Post-ceremony traditions[edit]

The President and the First Lady during the parade

Departure of the former president[edit]

Following the inaugural ceremony on the west front of the U.S. Capitol, President Clinton, First Lady Hillary Clinton, Vice President Al Gore and Tipper Gore escorted former President George H. W. Bush and former First Lady Barbara Bush to a departure ceremony on the east side of the U.S. Capitol. George H. W. Bush and his wife Barbara then departed on a plane to return to Houston, Texas.[24]

Congressional luncheon[edit]

Clinton and Gore were guests of honor at a luncheon held by the United States Congress immediately following the inaugural ceremony. The luncheon was held in Statuary Hall and was attended by the leadership of both houses of Congress as well as guests of the president and vice president. By tradition, former President George H. W. Bush and former Vice President Dan Quayle did not attend.[25]

Inaugural parade[edit]

After the luncheon, Clinton and his wife made their way down Pennsylvania Avenue to the White House, followed by a procession of ceremonial military regiments, citizens' groups, marching bands, and floats.[26] The Clintons traveled in a limousine down Pennsylvania Avenue to the cheers of a large crowd lining the street. The Clintons got out of the limousine to walk the final few blocks to the White House, followed by the Gores a few minutes later.[27]

Inaugural balls[edit]

Arkansas diamond in 1992 Dunay setting created for Hillary Clinton for the inaugural balls[28]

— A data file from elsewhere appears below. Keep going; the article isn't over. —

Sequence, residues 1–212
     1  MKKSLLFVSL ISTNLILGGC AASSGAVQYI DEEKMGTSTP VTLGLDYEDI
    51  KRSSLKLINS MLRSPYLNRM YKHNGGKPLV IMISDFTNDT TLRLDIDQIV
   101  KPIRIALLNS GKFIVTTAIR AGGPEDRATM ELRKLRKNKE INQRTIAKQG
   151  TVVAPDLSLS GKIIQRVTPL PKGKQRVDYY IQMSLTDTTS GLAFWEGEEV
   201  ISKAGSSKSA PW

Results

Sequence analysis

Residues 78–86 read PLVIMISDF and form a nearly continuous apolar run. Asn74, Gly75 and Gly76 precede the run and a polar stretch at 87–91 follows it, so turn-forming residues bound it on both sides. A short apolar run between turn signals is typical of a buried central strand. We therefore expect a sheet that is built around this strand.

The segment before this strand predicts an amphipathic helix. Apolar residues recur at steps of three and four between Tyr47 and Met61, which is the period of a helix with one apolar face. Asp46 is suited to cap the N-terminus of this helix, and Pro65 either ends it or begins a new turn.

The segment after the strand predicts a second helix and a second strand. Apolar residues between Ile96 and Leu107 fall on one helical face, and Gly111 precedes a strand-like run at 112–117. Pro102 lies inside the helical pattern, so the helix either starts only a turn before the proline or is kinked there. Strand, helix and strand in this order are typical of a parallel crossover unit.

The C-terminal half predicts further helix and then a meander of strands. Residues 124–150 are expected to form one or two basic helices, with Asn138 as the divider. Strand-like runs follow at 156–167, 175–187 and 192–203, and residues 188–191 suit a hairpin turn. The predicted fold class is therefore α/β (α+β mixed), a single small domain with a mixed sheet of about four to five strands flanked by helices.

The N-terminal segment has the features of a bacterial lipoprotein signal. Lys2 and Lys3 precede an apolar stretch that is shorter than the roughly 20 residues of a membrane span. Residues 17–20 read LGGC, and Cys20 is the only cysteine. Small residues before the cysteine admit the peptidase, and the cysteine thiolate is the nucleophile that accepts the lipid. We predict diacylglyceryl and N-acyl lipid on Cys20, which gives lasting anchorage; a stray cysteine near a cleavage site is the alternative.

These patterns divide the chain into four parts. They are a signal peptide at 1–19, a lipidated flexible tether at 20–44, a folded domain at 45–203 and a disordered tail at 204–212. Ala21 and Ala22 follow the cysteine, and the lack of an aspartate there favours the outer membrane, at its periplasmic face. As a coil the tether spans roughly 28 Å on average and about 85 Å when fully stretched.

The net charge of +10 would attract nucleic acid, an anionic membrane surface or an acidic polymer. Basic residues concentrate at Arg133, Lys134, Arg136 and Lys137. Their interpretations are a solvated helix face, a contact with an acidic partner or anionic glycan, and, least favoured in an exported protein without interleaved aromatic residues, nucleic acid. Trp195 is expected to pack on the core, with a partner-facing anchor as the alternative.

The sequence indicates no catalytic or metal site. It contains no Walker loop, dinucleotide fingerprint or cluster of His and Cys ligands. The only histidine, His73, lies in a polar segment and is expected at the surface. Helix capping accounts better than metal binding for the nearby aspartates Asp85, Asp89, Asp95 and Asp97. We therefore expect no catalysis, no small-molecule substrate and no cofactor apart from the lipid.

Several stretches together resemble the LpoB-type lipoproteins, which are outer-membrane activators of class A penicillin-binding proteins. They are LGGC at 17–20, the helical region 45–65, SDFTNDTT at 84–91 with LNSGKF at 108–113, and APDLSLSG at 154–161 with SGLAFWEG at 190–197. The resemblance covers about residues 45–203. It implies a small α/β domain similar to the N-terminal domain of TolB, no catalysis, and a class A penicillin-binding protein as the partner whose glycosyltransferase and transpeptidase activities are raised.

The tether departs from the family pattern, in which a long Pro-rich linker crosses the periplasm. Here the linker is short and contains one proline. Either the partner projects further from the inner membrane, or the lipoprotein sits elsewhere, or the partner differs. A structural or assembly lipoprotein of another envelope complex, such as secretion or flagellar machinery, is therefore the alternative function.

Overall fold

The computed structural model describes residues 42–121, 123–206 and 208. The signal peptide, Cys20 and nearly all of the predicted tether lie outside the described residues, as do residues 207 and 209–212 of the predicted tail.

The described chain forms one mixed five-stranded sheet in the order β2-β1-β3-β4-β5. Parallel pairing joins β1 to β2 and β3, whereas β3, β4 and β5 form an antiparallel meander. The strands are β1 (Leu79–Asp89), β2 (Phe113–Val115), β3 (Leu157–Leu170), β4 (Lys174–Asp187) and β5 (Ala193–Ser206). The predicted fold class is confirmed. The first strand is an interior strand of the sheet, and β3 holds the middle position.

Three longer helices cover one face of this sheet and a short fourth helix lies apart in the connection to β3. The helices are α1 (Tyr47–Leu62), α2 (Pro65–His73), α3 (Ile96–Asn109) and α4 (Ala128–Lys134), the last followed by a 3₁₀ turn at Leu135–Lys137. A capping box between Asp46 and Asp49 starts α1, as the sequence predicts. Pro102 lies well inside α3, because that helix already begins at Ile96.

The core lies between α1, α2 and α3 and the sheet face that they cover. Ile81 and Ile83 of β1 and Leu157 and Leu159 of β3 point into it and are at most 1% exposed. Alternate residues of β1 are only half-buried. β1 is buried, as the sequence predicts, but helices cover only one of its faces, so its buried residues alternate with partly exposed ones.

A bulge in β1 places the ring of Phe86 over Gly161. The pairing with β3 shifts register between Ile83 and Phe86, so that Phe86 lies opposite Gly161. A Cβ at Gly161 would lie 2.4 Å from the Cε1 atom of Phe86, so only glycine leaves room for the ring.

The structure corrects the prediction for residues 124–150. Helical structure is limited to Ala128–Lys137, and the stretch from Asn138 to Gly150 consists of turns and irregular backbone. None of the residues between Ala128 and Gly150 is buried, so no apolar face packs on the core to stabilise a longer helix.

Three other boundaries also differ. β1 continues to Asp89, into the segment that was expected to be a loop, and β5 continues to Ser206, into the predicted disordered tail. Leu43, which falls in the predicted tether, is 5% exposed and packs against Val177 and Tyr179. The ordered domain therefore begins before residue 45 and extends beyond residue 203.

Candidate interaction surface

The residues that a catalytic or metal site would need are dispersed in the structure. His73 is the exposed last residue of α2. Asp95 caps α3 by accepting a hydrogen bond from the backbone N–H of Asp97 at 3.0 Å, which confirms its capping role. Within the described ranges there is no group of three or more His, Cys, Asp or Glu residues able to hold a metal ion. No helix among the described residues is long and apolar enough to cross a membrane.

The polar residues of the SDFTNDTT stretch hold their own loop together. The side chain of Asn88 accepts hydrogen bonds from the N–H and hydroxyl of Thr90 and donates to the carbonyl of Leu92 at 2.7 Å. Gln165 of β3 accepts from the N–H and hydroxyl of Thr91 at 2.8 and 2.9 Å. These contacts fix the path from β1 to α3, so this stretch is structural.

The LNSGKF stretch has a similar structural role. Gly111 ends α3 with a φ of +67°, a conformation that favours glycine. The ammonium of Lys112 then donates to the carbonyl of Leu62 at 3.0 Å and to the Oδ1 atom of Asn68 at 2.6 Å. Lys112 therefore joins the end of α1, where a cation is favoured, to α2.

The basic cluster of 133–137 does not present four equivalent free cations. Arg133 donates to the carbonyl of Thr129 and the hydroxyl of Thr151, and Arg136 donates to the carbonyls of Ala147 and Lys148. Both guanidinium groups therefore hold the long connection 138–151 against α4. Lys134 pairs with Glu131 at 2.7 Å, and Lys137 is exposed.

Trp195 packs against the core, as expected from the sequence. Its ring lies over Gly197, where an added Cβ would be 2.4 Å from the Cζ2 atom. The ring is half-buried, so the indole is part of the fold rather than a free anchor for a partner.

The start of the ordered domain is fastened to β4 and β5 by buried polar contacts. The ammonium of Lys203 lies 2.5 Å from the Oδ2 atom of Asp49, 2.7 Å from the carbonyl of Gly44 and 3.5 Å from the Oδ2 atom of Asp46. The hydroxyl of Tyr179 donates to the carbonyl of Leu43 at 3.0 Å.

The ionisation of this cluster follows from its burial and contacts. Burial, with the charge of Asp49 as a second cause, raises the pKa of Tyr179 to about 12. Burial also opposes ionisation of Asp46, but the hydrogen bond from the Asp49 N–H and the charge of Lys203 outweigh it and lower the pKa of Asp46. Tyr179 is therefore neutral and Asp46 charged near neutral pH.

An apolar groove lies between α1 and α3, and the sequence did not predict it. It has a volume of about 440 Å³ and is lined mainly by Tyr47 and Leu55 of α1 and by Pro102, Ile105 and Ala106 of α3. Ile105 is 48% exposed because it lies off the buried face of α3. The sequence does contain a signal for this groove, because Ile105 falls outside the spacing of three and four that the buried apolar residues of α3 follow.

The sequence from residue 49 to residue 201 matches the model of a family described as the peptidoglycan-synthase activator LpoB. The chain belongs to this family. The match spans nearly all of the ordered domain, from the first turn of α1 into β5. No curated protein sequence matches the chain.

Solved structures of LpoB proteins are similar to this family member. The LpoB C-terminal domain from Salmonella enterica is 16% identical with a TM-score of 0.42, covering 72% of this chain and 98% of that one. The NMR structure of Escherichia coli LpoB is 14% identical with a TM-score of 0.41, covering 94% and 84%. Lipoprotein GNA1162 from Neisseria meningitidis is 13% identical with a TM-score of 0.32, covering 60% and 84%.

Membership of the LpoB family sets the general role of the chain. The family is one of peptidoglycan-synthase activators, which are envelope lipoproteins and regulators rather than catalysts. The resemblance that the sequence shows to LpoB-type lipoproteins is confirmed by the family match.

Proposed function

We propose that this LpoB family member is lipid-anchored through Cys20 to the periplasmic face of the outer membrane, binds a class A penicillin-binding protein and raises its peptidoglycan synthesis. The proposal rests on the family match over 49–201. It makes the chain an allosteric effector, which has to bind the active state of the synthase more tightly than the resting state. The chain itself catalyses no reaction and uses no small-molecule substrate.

After the parade, the president, vice president and their families attended the 11 official inaugural balls held in their honor. Sites for these balls included National Air and Space Museum, D.C. Armory, D.C. Convention Center, Kennedy Center, National Building Museum, Old Post Office Pavilion (Youth Ball), Omni Shoreham Hotel, S. Dillon Ripley Center,[29] Sheraton Washington Hotel, Union Station, and the Washington Hilton.[30]

Members of the inauguration committee[edit]

See also[edit]


  1. ^ "52ND INAUGURAL CEREMONIES". United States Senate. Retrieved June 15, 2021.
  2. ^ The 1993 Presidential Inaugural. (accessed May 22, 2012)
  3. ^ "Inaugural Events Sing a Song of Diversity". Los Angeles Times. January 13, 1993. Retrieved May 22, 2012.
  4. ^ "Metrorail sets new Sunday record for highest ridership". Retrieved 29 October 2018.
  5. ^ C-Span Video Library. Inaugural Bell Ringing Ceremony. (accessed May 22, 2012)
  6. ^ Jack Nelson, "Clinton Vows to Lead in Bold Style of FDR", Los Angeles Times, January 20, 1993. (accessed May 22, 2012)
  7. ^ "Inauguration Events Sing a Song of Diversity". Los Angeles Times. January 13, 1933. (accessed May 22, 2012)
  8. ^ Asseo, Laurie (January 19, 1993). "Celebs Salute President-Elect at Glittering Inaugural Gala". AP. Retrieved 2021-08-02.